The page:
2 Corinthians 5:21
For our sake he made him to be sin who knew no sin, so that in him we might become the righteousness of God.

Romans 8:1
There is therefore now no condemnation for those who are in Christ Jesus.

Does God seem distant right now? Learn to untangle your thoughts while fighting for faith. “And without faith it is impossible to please God, because anyone who comes to Him must believe that He exists and that He rewards those who earnestly seek Him” (Hebrews 11:6).

He’s not as far as you think. 

Four Painless Ways to Build Your Mental Toolbox

A pair of pliers isn’t something you think about much until you need it. When I was 20, I remember going to Home Depot with my soon-to-be wife and buying a basic set of tools (hammer, screwdrivers, etc.).

It’s the most boring story ever.

Shopping for a new TV is way more exciting but, when your sink breaks at 10PM, those pliers become your best friends. Everybody needs some.

Our thoughts are mental tools of sorts, and we would be wise to consider adding a few to our workbench. As Scripture tells us, we should think about the way we think.

Philippians 4:8
Whatever is true, whatever is honorable, whatever is just, whatever is pure, whatever is lovely, whatever is commendable, if there is any excellence, if there is anything worthy of praise, think about these things. 

How can we add more mental tools to our life so that we’re ready for when the faucet leaks or it’s time to hang a mirror? Here are four to consider:

1  – Memorize Scripture

Always start with Scripture. “I have hidden Your Word in my heart, that I might not sin against you.” Psalm 119:11. I’m convinced the main reason people struggle with the Bible is not because it’s hard to understand, but because they’ve never tried it (a subject for another day).

Here’s a couple of life hacks that will help:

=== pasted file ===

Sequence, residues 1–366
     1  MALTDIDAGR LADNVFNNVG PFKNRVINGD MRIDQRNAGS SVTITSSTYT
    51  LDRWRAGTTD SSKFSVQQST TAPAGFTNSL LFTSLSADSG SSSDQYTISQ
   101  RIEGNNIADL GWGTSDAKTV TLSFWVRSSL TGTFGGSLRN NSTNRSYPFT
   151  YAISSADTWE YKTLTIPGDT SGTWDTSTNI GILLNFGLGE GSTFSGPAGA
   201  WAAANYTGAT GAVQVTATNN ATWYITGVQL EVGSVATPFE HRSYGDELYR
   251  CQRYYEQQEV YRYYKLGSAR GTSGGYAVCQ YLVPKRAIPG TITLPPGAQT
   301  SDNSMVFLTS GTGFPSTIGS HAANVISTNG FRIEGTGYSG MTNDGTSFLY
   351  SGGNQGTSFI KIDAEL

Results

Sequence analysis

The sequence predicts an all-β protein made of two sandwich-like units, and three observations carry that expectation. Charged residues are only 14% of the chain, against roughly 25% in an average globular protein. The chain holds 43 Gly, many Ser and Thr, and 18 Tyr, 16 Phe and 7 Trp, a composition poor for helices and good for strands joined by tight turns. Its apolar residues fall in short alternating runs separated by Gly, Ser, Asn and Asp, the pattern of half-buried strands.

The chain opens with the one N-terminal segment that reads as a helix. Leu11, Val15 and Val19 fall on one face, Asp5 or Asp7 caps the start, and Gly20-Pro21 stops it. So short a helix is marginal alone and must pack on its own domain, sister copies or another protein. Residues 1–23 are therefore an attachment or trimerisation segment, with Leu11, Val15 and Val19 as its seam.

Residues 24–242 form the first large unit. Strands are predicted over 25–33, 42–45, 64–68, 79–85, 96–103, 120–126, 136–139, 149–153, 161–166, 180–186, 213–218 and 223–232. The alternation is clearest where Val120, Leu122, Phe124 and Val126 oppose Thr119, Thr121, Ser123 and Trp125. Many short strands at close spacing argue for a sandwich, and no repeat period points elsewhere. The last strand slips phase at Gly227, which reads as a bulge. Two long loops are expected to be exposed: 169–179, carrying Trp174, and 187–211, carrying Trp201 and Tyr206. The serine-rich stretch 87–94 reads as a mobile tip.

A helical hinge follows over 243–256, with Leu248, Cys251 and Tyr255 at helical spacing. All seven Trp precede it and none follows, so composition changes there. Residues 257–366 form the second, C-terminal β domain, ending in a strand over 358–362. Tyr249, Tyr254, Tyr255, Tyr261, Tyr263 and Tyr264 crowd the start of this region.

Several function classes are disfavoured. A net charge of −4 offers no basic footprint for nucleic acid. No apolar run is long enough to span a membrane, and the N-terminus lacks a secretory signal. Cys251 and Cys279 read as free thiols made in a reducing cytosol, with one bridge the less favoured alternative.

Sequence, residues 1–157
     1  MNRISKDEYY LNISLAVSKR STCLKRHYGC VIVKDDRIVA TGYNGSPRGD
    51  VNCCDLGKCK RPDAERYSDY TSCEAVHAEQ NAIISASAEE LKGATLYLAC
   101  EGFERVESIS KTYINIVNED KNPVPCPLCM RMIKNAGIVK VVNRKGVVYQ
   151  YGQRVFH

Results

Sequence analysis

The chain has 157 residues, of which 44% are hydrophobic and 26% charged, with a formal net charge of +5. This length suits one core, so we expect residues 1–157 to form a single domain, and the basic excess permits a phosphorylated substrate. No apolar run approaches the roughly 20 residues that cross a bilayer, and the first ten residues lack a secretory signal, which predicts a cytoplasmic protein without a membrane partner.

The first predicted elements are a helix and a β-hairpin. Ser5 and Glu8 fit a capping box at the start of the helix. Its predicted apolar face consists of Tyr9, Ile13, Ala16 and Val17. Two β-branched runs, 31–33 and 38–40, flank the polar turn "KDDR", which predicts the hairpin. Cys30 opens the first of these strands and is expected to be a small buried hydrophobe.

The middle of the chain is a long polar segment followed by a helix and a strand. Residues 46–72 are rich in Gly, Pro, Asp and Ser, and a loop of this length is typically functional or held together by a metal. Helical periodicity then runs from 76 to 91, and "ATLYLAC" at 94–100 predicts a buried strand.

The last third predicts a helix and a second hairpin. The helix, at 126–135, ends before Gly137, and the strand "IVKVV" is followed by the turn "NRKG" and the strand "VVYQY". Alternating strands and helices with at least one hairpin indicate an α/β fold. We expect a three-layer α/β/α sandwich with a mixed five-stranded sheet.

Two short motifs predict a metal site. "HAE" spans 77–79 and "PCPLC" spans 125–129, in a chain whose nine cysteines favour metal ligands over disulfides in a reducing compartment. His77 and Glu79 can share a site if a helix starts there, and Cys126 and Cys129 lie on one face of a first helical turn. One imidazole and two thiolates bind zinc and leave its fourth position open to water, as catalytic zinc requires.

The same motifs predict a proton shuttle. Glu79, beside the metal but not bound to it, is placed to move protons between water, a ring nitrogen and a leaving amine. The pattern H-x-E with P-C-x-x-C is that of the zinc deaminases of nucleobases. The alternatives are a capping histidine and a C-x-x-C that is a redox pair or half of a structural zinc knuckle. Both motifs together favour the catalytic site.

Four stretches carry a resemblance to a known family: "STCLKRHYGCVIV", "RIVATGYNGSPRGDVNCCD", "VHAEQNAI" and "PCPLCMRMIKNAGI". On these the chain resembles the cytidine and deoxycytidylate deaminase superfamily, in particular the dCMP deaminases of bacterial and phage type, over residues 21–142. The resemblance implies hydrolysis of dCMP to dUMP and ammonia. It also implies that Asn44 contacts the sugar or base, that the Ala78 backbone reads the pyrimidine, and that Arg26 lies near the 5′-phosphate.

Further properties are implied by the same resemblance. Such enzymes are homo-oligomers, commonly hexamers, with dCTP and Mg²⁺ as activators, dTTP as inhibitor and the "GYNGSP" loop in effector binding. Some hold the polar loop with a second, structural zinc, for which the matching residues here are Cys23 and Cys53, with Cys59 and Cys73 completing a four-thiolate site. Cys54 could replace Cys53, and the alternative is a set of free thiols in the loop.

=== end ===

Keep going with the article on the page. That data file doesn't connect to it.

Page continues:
Download the Fighter Verses app.

Take a screenshot of a passage of Scripture and make it the wallpaper of your phone. Like this one:


2 – Commit to build your mental toolbox.

This is crucial. If you don’t to go to the hardware store ahead of time, you will regret having to rush out in the middle of a crisis for something you could’ve already had. Decide today to invest in your thinking.

3 – Always be on the lookout for good resources that are on sale.

Amazon knocks down the prices of certain books most weeks, you just have to know where to look. Here are a couple of people I follow on Twitter that help:

Tim Keller Wisdom – @DailyKeller   Here’s an example:

Barnabas Piper – @BarnabasPiper    Here’s an example:

Books can be downloaded on a Kindle or Kindle app (eBooks are usually about 40% cheaper than the hardcopy). And, if you’re more of the listening type, try Audible.

4 – Maximize small moments.

Listen to a book or Podcast on your drive to work or in the pick-up line at school. You should build it into your weekly rhythm. (The last two hours of my work week consists of reading a book that will help me lead better).

In any case, don’t wait until your sink breaks. Get some tools ahead of time.

The Forever Part

If you aren’t stubborn in your quest for a life that matters, you’ll waste a lot of it building hype and hope on things that won’t outlast a goldfish. The difference maker seems to lie in one’s understanding of “the Forever Part.”

Ecclesiastes 3:11
 [God] has made everything beautiful in its time. And He has put eternity into the heart of man.

There’s a Forever Part of every human heartbeat. God put it there. Even those who don’t believe He exists still have the Forever Part. It’s just hard for them to hear sometimes.